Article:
Posts Tagged ‘Red Cross’

Legislation Proposes Oversight of the Red Cross

Thursday, September 17th, 2015

American Red CrossThe U.S. General Accounting Office just released a report, American Red Cross: Disaster Assistance Would Benefit from Oversight Through Regular Federal Evaluation, following an eighteen-month investigation requested by Congressman Bennie Thompson (D-MS), the senior member of the House Committee on Homeland Security. The report finds that while the Red Cross has a mandate from the government to respond to disasters, “no regular, independent evaluations are conducted of the impact or effectiveness” of its work. The GAO report cites examples of failures in the response of the Red Cross to SuperStorm Sandy and misleading statements by the Red Cross leadership as to how the organization has spent funds raised for disaster relief work.

Indeed, this is nothing new. Following the terrorist attacks of 9-11, the Red Cross broadcast national appeals for aid for the “Liberty Fund” which appeared to suggest that all funds raised would be donated to those who lost family members or were left homeless as a result of the terrorist attacks. When the organization was slow to distribute the aid, public outcry forced the Red Cross to change its practices and begin more proactive outreach to Lower Manhattan communities impacted by the events of 9/11. Other critics of the Red Cross, such as Senator Charles E. Grassley (R-IA), questioned the efficacy of the organization’s work in Haiti following a devastating earthquake.

In response to the findings of the GAO report, Congressman Thompson has drafted the American Red Cross Sunshine Act, legislation that would require regular audits of the financial operations of the Red Cross and evaluations of its response to disasters in the United States and abroad as well as other reforms. The American Red Cross has pointed out that that it is not a federal agency, its disaster relief efforts are privately funded and its work is performed almost entirely by volunteers. These are all valid points and all underscore the need for transparency and oversight of the Red Cross – no other organization has a government mandate for disaster relief work in the United States. Clear accountability and oversight gives donors the confidence that their contributions will be used in the most effective way, consistent with the donor’s intent and the organization’s mission. Congressman Thompson’s bill deserves support and all Americans owe thanks to Pro Publica, the non-profit journalism organization that provided an in-depth look at the response of the Red Cross to SuperStorm Sandy.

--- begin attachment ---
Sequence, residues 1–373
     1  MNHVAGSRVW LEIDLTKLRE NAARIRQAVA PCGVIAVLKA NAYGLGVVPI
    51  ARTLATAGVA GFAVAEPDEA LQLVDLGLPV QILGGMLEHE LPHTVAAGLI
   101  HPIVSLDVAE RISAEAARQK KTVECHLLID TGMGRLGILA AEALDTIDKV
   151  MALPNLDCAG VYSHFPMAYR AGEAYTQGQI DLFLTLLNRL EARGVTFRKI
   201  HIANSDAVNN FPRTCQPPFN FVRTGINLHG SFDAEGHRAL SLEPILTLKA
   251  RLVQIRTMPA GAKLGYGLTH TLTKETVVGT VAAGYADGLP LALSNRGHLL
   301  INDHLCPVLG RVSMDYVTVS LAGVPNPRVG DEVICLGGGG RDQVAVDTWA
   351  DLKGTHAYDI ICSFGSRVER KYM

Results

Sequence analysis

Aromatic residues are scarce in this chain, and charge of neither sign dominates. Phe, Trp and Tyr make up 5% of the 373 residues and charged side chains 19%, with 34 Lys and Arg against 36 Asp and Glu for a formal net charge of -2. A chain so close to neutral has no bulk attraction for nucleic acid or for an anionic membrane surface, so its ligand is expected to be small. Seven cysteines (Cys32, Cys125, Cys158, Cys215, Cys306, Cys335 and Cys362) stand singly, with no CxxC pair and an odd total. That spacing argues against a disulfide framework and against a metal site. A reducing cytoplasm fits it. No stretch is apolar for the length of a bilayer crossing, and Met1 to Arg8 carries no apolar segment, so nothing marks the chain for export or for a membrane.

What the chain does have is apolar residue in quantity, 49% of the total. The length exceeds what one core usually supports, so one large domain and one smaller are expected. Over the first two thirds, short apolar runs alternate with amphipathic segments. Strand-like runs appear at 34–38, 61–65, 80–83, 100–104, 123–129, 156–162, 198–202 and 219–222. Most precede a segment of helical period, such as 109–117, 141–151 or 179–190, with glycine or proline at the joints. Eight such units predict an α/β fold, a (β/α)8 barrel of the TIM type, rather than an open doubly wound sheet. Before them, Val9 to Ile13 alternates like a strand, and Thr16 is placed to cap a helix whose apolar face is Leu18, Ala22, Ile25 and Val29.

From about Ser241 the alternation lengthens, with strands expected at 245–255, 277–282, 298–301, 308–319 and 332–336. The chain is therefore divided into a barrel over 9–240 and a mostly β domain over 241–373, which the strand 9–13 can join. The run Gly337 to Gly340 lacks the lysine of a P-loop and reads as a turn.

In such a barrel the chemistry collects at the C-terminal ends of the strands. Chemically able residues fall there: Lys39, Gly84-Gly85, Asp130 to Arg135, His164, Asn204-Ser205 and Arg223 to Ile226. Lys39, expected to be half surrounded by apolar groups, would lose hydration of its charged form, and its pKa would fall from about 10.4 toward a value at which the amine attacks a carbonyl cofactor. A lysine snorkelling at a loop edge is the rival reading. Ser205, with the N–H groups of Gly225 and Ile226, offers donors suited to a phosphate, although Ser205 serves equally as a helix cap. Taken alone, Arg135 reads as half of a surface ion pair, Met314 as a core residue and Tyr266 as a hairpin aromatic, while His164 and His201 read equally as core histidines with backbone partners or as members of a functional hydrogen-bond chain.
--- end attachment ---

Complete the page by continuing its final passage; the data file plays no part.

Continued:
In the Bag for the Red Cross!

Friday, November 4th, 2011

Today, the Red Cross Chapter serving the Washington DC region is holding its annual fundraiser, “In the Bag”. The women’s committee of the chapter will auction designer, vintage and celebrity handbags to help fund the vital services the Red Cross provides to the community, including disaster relief, first aid training and assistance to military families. This event raised $20,000 last year and this year’s goal is to reach $40,000. Just to appreciate how important funding support is, consider that the National Capital Region of the American Red Cross provides 250,000 meals monthly and 750 volunteers to local hospitals. In addition, the Red Cross chapters also support international disaster relief efforts. Last year, the Capital Region Chapter provided emergency services to over 40,000 people.

I donated a handbag that was custom made for me at a shop in the Peninsula Hotel in Hong Kong. I have never used the bag; it is in mint condition and I hope someone else will enjoy it. You can see it on the auction site which features snapshots of the bags. If you don’t want to bid on a bag, you can volunteer or contribute funds. This graphic image, by the way, relates to a Red Cross chapter in Louisiana “Power of the Purse”, so check out what your local Red Cross chapter is doing this month as you may be able to get a great deal on a top-notch handbag.

It is particularly important that we support the Red Cross this year. In this tough economy, with persistently high unemployment, it is no surprise that charitable contributions have declined relative to years past. At the same time, the frequency and severity of natural disasters has increased dramatically and we certainly cannot count on government support, either at the community, state or federal levels.

So let’s all do what we can to support the Red Cross which delivers services critical to every community.

March is National Red Cross Month

Tuesday, March 24th, 2009
March is National Red Cross Month

March is National Red Cross Month